Remove ASF-contaminated longganisa, processed pork from market: Sen. Kiko

MANILA – If reports are true and verified that several processed meats have tested positive for African swine fever (ASF) virus, then the Department of Trade and Industry and the Department of Agriculture should identify these brands and immediately remove them from the market, Sen. Francis Pangilinan said Thursday.

“Ito ang mag-aalis sa takot ng publiko na kumalat ang mga produktong ito at sa posibilidad na makain ito (This will allay fears of the public on the spread of these products and on the possibility of consumption),” said the former Presidential Assistant on Food Security and Agricultural Modernization.

Reacting to a news report that samples taken from hotdog, longganisa, and tocino imported by a Manila-based company tested positive for ASF virus, Pangilinan also suggested naming the specific brands, manufacturers, and contaminated products. He said this will inform the public of those that have been certified safe for public use.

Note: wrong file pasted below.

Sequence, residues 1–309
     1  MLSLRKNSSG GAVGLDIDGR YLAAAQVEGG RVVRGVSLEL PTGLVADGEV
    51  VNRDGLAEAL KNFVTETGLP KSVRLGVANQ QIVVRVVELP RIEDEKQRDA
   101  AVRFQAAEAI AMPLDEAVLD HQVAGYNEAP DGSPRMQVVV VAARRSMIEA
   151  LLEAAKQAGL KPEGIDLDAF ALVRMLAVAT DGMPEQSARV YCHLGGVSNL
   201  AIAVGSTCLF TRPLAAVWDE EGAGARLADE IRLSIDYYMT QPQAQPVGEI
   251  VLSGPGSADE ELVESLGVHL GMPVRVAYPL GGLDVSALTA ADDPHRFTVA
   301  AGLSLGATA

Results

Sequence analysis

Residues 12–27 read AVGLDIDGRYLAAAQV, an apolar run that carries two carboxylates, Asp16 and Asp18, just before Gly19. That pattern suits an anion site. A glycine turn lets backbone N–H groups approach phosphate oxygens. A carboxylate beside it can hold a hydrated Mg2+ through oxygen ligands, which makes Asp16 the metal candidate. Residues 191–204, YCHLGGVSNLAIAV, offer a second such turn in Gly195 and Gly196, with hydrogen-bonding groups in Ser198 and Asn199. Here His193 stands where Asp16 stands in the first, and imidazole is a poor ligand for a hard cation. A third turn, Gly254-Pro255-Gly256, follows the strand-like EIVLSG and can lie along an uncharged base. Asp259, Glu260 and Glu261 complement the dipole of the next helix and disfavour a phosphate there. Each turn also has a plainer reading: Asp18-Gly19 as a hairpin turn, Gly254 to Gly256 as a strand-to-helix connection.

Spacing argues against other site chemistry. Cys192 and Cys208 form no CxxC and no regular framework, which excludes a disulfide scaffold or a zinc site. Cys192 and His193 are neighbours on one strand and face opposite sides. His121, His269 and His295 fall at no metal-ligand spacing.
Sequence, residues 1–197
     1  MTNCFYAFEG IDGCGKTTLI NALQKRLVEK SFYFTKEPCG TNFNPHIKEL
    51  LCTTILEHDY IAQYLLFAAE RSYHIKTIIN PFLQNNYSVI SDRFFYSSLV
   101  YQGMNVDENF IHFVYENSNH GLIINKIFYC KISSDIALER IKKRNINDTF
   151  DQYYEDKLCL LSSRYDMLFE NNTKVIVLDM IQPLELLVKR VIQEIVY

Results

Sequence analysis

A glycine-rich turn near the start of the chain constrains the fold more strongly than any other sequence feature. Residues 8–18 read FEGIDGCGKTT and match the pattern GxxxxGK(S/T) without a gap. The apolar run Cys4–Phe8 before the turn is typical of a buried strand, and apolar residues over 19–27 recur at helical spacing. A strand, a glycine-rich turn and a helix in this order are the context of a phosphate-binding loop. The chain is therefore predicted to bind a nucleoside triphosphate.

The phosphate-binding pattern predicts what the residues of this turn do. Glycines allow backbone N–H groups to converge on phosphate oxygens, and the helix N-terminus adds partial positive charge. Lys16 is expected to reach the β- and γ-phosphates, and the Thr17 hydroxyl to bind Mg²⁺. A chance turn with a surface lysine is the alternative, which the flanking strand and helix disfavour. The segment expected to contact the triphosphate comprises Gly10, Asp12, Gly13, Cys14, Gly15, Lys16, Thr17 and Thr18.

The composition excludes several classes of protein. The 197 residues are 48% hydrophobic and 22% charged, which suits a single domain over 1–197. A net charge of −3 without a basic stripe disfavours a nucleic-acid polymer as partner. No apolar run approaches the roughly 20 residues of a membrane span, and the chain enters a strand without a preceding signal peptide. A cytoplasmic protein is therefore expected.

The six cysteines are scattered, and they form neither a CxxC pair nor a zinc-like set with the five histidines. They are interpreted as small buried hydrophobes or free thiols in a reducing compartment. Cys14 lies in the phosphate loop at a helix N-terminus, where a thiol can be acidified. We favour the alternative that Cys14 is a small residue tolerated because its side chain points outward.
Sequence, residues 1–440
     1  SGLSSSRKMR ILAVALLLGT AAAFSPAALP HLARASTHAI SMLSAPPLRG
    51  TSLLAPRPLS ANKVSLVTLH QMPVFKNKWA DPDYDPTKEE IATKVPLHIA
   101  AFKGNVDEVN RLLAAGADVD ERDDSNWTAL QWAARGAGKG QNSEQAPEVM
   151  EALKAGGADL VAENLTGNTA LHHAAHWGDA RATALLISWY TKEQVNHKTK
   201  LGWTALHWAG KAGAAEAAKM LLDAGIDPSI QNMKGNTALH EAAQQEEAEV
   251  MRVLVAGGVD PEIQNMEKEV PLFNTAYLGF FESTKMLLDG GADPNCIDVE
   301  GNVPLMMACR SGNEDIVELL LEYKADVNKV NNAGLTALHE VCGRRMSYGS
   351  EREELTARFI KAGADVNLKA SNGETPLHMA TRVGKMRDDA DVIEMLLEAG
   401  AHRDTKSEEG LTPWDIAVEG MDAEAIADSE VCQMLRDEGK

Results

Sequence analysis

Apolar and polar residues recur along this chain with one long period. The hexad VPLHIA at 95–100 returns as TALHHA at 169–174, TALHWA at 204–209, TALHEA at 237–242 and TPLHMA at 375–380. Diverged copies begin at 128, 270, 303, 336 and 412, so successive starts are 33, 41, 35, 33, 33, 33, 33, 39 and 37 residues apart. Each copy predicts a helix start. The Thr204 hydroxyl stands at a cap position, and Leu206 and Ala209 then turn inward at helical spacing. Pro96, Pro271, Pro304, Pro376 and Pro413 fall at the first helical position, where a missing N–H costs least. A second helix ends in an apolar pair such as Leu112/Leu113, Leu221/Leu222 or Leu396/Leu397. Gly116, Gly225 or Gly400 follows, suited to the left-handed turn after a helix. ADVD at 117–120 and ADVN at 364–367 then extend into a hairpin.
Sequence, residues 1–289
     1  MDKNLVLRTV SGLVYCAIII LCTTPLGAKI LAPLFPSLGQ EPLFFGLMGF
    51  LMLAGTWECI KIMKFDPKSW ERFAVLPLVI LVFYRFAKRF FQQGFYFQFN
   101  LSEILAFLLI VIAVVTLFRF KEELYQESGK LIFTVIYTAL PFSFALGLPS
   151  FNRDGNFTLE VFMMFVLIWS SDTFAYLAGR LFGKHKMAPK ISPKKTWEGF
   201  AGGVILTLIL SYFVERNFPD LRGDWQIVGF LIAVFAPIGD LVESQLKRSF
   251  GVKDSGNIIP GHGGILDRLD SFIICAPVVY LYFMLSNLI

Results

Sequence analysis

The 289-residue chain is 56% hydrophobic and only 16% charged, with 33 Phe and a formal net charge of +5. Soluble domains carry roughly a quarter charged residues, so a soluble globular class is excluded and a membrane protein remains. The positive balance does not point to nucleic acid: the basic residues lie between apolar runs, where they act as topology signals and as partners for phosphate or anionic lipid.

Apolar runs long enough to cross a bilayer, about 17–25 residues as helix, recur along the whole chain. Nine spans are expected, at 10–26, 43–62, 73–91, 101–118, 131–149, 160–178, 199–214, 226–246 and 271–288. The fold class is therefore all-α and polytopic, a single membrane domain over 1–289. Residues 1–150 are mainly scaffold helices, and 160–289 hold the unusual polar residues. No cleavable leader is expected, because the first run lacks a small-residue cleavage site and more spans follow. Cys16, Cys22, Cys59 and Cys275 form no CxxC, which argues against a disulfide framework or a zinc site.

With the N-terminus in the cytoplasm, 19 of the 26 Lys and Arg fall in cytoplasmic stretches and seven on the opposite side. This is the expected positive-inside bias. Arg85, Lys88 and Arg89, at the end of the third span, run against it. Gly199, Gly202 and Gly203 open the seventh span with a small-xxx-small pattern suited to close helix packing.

“Maging aral sana ito sa mga kinauukulan na mas maging istrikto sa pag-monitor at pag-test ng mga imported na pagkain. Pagkain ito. Kailangang ligtas at mabuti sa kalusugan ang kinakain natin (Let this incident of ASF-infected products slipping past our borders be a lesson to authorities to implement stricter checks of imported meat products. This is food. We should only eat safe and nourishing food),” Pangilinan said.

ASF, a fatal animal disease among hogs, is now present in seven areas in Luzon — namely Cavite, Quezon City, Pangasinan, Bulacan, Pampanga, Nueva Ecija, and Rizal — killing over 62,000 hogs so far.

“Walang saysay ang ginagawang pagpatay sa mga baboy natin kung meron namang ASF na makakapasok sa ating bayan at mapupunta sa ating mga hapag-kainan (Local efforts to stop the spread of the ASF such as culling of pigs would be futile if the ASF, in another form, would easily get in the country and land on our dinner table),” Pangilinan said.

He highlighted the fact that hog raisers are already hurting from the massive slaughter of their livelihood.

“A consolidated effort is needed to combat this disease. Together with the private sector, DA, DTI, Department of Health through the Food and Drug Administration, and the Bureau of Customs, should play their part in stopping this animal disease that is affecting our everyday food, our nutrition, and our health,” Pangilinan said.